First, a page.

Cover of the first edition

I’m re-reading and pondering Michael Ondaatje’s book, In The Skin of A Lion.  I love this book. For me, this is a book to read again and again, to study and learn from.  This novel is an open apprenticeship.  Any good novel might be like that: think about which novel yours might be.  This one speaks to me.

Tonight, this passage from p. 157 seems like one definition of community:

“Alice had once described a play to him in which several actresses shared the role of heroine.  After half an hour the powerful matriarch removed her large coat from which animal pelts dangled and she passed it, along with her strength, to one of the minor characters.  In this way even a silent daughter could put on the cloak and be able to break through her chrysalis into language.  Each person had their moment when they assumed the skins of wild animals, when they took responsibility for the story.”

11 thoughts on “In The Skin of A Lion

  1. LOVE that book. I grew up in Toronto and so feel quite homesick when I read it. Beautiful language.

    I’d suggest you read his “Divisadero” as well. It’s lovely…feels like a Terrence Mallick film.

  2. it’s been a few years since i’ve read “lion.” i need to prowl back thru it a bit, i think. funny, i was thinking randomly today of rereading “the english patient,” which has also been a few years. somebody said something the other day that made me think of the book.

  3. Ron, thanks for stopping by. I agree about Malick. I need to re-read The English Patient, too, because for me, it stands in the shadow of Lion. And I want to give it another chance! After all, Ondaatje’s writing makes me swoon, so what am I waiting for? Funny coincidence. Maybe for a bit of The Cinnamon Peeler this evening. I love “Elimination Dance (An Intermission)” It’s been a while since I read his poetry.

  4. Rebecca,

    At last!! A lover of this book!!!! This is one of the best novels I’ve ever read — it’s what made me want to write what I do, the way I do, how I do. One more reason to like you…=)

  5. ronansmom! This makes me so happy to hear. That’s precisely how I felt upon reading the novel the first time. (Well, my first impression was, “How do I ever think I can write a novel!” but that was before I understood there is room for anyone who’s serious about writing to write.)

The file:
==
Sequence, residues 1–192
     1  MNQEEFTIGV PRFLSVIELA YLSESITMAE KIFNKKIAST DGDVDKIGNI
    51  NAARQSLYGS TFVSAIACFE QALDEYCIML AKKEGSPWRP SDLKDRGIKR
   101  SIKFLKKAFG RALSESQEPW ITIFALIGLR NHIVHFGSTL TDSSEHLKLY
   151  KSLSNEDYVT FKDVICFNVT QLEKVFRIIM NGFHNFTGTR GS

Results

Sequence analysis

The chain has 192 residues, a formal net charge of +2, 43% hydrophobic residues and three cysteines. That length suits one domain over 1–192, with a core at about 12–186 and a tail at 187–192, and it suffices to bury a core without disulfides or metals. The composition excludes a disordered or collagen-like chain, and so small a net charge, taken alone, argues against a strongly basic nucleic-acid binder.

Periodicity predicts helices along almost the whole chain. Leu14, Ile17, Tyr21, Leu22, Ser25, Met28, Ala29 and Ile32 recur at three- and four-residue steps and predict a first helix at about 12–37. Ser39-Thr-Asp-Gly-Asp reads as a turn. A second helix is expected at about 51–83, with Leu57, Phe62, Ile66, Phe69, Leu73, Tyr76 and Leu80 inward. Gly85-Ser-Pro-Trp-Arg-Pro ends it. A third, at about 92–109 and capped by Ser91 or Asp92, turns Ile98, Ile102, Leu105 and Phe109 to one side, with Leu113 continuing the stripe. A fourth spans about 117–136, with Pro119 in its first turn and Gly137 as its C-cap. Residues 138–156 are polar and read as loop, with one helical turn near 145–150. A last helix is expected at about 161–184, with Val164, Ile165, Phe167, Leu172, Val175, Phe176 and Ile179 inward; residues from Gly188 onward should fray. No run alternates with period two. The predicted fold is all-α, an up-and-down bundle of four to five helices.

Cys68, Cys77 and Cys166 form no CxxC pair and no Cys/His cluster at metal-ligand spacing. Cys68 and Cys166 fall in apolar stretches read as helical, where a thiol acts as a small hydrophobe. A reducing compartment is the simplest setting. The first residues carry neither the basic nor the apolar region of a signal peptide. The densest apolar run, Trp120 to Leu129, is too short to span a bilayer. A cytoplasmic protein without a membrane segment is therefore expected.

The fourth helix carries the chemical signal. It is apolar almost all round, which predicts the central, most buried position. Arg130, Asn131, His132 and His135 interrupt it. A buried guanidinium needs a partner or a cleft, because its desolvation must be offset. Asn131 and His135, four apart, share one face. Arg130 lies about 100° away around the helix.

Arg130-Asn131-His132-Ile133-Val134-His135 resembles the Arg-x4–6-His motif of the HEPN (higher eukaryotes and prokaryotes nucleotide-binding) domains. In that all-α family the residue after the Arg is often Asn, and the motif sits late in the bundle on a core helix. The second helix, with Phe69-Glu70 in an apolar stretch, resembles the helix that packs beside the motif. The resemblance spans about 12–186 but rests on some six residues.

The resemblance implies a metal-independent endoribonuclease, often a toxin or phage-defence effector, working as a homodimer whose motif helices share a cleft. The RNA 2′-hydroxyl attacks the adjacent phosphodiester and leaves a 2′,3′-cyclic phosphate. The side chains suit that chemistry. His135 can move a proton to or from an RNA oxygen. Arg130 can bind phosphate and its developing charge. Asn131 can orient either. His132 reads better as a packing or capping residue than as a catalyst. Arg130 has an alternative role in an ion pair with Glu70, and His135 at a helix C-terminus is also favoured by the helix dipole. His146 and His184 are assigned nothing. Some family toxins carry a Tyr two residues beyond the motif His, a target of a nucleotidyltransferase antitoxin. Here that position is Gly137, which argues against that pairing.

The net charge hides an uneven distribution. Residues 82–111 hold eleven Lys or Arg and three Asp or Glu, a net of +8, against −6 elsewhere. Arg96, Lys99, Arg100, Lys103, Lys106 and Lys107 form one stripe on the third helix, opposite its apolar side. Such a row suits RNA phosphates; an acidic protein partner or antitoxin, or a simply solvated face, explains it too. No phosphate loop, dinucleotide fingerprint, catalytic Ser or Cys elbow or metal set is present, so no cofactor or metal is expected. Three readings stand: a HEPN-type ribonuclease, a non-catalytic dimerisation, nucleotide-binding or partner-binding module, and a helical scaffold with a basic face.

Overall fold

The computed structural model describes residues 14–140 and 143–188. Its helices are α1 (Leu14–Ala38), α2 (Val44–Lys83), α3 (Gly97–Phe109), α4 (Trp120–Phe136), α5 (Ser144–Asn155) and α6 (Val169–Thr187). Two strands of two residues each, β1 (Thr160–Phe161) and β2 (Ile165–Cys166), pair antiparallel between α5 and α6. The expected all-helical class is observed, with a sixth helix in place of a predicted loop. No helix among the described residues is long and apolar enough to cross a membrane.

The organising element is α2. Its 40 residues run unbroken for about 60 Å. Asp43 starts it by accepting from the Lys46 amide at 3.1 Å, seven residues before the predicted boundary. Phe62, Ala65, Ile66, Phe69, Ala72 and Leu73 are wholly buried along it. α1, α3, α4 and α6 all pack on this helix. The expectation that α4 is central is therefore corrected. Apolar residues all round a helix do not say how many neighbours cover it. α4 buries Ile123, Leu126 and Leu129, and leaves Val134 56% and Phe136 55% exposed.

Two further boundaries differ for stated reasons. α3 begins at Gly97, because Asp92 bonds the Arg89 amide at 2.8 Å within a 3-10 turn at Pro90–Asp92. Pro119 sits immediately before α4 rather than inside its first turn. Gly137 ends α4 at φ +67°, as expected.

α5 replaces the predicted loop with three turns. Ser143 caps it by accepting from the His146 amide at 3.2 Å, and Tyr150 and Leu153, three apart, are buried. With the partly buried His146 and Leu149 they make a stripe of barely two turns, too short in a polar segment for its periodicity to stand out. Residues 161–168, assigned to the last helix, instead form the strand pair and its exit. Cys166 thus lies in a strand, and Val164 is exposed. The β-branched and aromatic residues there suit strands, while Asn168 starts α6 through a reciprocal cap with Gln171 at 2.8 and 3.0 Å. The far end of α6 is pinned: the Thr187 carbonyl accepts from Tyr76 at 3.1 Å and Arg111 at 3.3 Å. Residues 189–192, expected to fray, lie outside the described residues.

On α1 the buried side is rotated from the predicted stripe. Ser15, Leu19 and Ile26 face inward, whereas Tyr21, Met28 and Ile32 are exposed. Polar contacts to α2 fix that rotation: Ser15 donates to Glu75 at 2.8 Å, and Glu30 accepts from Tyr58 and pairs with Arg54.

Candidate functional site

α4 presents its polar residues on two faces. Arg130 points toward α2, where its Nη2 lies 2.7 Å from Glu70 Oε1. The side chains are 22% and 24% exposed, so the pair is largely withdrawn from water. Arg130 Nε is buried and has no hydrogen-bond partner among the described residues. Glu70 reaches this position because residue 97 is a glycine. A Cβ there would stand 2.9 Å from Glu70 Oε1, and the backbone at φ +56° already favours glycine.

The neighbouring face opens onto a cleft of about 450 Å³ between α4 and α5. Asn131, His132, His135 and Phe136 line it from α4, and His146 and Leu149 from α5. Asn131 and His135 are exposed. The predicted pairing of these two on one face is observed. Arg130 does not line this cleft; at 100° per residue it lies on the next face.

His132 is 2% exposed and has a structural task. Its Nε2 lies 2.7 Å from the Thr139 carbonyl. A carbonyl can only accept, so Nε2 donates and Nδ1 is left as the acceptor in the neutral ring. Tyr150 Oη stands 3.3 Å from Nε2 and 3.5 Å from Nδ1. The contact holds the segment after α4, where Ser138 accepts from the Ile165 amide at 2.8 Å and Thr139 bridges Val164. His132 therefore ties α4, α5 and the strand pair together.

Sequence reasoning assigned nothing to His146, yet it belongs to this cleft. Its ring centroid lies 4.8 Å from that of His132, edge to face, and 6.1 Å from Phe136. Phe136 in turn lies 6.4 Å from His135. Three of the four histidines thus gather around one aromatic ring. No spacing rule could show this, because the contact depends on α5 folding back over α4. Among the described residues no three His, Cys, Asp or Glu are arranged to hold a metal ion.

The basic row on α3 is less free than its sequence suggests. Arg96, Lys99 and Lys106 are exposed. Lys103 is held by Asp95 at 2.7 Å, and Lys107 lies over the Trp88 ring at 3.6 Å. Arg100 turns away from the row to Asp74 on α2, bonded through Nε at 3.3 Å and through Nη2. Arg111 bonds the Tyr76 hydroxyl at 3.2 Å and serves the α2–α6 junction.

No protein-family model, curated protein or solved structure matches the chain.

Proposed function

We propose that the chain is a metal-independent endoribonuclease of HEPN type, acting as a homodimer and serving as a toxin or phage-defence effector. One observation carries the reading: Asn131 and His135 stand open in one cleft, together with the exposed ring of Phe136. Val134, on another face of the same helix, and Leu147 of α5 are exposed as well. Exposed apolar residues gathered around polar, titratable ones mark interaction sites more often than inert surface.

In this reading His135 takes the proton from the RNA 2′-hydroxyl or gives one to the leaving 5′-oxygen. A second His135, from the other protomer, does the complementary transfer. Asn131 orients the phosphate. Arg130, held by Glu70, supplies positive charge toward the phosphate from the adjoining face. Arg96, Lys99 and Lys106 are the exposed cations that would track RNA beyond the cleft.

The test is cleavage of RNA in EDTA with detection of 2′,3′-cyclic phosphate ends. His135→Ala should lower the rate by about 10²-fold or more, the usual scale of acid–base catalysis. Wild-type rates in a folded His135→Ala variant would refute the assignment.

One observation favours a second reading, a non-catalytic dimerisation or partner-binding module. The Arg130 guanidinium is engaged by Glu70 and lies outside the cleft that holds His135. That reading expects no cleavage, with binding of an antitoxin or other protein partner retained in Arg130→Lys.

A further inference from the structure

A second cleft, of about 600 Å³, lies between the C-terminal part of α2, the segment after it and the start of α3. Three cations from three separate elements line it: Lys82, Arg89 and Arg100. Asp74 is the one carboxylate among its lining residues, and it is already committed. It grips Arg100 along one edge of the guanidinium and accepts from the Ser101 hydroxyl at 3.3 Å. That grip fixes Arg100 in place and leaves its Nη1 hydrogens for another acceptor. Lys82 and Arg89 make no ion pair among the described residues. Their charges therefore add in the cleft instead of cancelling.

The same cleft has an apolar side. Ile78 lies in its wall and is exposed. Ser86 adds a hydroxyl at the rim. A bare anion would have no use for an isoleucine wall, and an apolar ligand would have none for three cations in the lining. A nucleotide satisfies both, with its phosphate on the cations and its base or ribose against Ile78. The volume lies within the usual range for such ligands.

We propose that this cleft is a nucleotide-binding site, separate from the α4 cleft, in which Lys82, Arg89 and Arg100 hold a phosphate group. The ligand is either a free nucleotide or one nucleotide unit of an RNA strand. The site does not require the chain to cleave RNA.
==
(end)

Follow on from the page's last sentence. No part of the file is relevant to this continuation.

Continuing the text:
I think it’s one of the loneliest novels I’ve ever read, too, and one of the most human. (There are a ton of other sprawling thoughts that I will inflict on students in my class this fall–in part, we’re reading Lion because it’s got some great lessons in breaking rules of point of view, but also just because I’m greedy to read it again. Ahh, the power of the reading list!)

  6. I am so happy to find people who like this book. This is by far my most favorite book of all time. It changed the way I looked at literature and writing. It’s simply spellbinding. Scenes from this book have remained in my head for always… a nun falling off a bridge, a little boy drawn to moths in the kitchen window, two women drawing a man psychically and then running off into the rain, Alice picking up the wrong bag which has a bomb in it, blowing up a hotel, Alice and Patrick reading to each other in her flat, so much beauty in these pages…

  7. Phil, thanks for finding the post! I’m glad to hear of others, too–I was just yesterday thinking, hmm…should I use this book again for this fall’s class? Your comment must be a sign that yes I should. And yes, so many of those images haunt me, too.

Leave a Reply to rebeccakuder Cancel reply

Fill in your details below or click an icon to log in: Logo

You are commenting using your account. Log Out /  Change )

Facebook photo

You are commenting using your Facebook account. Log Out /  Change )

Connecting to %s